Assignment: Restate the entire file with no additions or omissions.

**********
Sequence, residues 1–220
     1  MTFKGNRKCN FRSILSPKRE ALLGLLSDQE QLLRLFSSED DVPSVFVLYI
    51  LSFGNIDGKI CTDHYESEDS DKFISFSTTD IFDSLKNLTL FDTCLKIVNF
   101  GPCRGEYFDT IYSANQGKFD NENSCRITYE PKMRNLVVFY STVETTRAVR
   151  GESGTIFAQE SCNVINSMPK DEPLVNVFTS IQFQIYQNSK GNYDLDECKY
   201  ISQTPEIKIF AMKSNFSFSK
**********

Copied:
Sequence, residues 1–220
     1  MTFKGNRKCN FRSILSPKRE ALLGLLSDQE QLLRLFSSED DVPSVFVLYI
    51  LSFGNIDGKI CTDHYESEDS DKFISFSTTD IFDSLKNLTL FDTCLKIVNF
   101  GPCRGEYFDT IYSANQGKFD NENSCRITYE PKMRNLVVFY STVETTRAVR
   151  GESGTIFAQE SCNVINSMPK DEPLVNVFTS IQFQIYQNSK GNYDLDECKY
   201  ISQTPEIKIF AMKSNFSFSK